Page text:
- Associated Press - Monday, February 29, 2016

CHEYENNE, Wyo. (AP) - Developments at the Wyoming Legislature on Feb. 29, the 16th day of the 2016 budget session:

BUDGET: Both houses voted to concur on the general government appropriations bill. It now goes to Gov. Matt Mead for his review.

STUDENT TESTS: The state Senate advanced a bill that would make changes to Wyoming’s K-12 statewide assessment, including a mandate that no more than 1 percent of instructional time be spent on taking the test. House Bill 19 must pass one more vote in the Senate.

COMMUNITY COLLEGES: A bill would base state for Wyoming community colleges on enrollment cleared a second vote in the state Senate on Monday. The Senate must vote one more time on the measure.

KENNY SAILORS: The Senate gave final approval Monday to a joint resolution recognizing the contributions of the late Kenny Sailors to the game of basketball and encouraging his election to the Naismith Memorial Hall of Fame. Sailors, who died Jan. 30, is credited by some for being the first to use the modern jump shot. He played for the University of Wyoming and the NBA.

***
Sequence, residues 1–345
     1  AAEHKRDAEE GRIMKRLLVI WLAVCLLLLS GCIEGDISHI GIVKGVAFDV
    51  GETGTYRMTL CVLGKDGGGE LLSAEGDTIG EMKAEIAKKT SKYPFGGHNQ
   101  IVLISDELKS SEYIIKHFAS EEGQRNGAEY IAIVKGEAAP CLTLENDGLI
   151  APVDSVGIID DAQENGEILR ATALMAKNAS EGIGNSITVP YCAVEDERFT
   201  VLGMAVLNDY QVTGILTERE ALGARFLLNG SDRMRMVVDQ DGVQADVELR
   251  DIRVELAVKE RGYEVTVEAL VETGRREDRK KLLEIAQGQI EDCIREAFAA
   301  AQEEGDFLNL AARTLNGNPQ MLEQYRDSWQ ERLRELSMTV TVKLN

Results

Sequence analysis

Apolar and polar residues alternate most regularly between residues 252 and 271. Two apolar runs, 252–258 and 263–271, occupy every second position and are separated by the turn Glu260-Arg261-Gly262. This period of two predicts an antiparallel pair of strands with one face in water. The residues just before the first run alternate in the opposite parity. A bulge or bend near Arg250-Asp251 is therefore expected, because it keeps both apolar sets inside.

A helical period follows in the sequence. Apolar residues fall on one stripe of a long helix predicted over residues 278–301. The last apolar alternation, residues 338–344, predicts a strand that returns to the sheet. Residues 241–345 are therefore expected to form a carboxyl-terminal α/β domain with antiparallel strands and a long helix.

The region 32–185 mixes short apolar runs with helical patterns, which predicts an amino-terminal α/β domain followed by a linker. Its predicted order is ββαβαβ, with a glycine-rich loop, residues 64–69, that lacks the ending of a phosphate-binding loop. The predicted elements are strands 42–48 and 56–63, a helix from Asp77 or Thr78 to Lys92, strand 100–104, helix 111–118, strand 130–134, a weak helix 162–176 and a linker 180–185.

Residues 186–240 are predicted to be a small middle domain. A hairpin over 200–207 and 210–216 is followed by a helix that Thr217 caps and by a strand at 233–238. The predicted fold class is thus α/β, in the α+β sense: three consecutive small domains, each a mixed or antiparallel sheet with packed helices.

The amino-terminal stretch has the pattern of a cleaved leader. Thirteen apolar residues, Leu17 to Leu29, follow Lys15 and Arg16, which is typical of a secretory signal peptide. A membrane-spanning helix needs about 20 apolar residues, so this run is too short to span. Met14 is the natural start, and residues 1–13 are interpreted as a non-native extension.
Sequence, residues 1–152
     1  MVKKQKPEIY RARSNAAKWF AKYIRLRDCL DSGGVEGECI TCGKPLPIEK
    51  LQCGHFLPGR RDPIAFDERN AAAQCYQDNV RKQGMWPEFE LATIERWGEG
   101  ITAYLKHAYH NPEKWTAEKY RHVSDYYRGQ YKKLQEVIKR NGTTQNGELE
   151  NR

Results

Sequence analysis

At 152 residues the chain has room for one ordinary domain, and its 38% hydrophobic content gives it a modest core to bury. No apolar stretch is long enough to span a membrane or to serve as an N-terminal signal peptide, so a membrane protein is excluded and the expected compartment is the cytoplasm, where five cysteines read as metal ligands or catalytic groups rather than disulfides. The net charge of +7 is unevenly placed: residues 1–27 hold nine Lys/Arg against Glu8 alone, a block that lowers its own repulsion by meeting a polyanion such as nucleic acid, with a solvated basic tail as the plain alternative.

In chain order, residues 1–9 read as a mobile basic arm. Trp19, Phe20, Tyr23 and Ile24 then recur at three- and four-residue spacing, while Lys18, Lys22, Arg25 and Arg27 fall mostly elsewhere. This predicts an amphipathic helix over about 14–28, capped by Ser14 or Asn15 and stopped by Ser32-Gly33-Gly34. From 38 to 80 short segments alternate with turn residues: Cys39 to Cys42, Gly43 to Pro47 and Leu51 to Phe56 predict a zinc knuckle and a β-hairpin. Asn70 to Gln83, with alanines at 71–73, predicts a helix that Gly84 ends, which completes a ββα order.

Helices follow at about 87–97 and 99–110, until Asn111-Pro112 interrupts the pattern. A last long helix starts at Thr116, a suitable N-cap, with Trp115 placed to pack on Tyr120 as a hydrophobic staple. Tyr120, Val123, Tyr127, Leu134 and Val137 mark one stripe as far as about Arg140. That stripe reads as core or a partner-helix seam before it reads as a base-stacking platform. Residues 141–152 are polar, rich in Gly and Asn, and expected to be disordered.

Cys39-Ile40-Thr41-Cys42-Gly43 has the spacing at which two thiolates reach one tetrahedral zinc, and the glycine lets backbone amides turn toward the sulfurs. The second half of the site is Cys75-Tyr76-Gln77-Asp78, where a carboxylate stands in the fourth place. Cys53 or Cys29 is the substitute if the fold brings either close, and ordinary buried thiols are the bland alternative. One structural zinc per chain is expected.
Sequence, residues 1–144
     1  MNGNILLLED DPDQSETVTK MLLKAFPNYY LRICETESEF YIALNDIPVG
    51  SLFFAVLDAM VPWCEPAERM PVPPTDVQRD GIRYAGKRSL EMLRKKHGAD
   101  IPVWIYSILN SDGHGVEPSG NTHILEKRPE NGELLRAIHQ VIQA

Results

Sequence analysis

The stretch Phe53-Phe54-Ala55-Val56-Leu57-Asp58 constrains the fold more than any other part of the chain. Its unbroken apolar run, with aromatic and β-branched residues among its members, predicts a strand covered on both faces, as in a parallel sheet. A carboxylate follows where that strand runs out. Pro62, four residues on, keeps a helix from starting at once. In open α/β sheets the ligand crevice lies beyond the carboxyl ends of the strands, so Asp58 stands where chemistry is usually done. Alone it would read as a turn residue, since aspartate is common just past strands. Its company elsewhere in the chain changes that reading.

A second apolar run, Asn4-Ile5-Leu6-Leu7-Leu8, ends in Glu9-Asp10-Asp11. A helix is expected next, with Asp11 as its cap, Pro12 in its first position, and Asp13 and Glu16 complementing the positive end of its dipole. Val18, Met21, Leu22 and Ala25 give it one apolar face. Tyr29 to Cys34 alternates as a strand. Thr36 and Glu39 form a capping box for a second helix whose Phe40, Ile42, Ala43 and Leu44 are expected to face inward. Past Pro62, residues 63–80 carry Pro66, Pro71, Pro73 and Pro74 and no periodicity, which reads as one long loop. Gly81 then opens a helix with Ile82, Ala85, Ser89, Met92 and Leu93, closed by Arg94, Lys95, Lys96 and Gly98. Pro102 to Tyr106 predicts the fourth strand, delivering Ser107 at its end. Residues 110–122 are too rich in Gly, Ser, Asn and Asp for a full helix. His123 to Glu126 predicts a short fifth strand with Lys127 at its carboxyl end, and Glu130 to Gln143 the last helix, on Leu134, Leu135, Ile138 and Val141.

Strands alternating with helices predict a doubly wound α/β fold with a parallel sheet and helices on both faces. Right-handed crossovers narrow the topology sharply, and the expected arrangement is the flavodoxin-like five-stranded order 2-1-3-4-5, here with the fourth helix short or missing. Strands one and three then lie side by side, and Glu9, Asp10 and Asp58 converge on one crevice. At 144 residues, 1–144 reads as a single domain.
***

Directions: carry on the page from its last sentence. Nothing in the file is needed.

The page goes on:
UW SCIENCE: The House defeated a proposal that would have delayed construction of an estimated $100 million science building at the University of Wyoming. The building is part of UW’s initiative to improve its sciences programs.

HOME BREW: The state House approved a bill Monday that would allow people who make homemade beer and wine to share their creations with others at brew fests and contests. The Senate must concur with changes the House made to the bill.

CATERING PERMITS: The Senate for the second time voted to approve a bill increasing the number of catering permits a person or organization may receive in a year. The bill already has passed in the House.

ALL-TERRAIN VEHICLES: The House gave preliminary approval to bill that would allow operators of all-terrain vehicles to run them on any portion of a highway right of way, not only on the pavement.

PURPLE HEART: The Senate president signed the final version of a bill that would authorize people who have been awarded the Purple Heart during their military service to receive lifetime bird, small game and fishing licenses without charge. It now goes to the governor for review.


Copyright © 2018 The Washington Times, LLC.

The Washington Times Comment Policy

The Washington Times welcomes your comments on Spot.im, our third-party provider. Please read our Comment Policy before commenting.

 

Click to Read More and View Comments

Click to Hide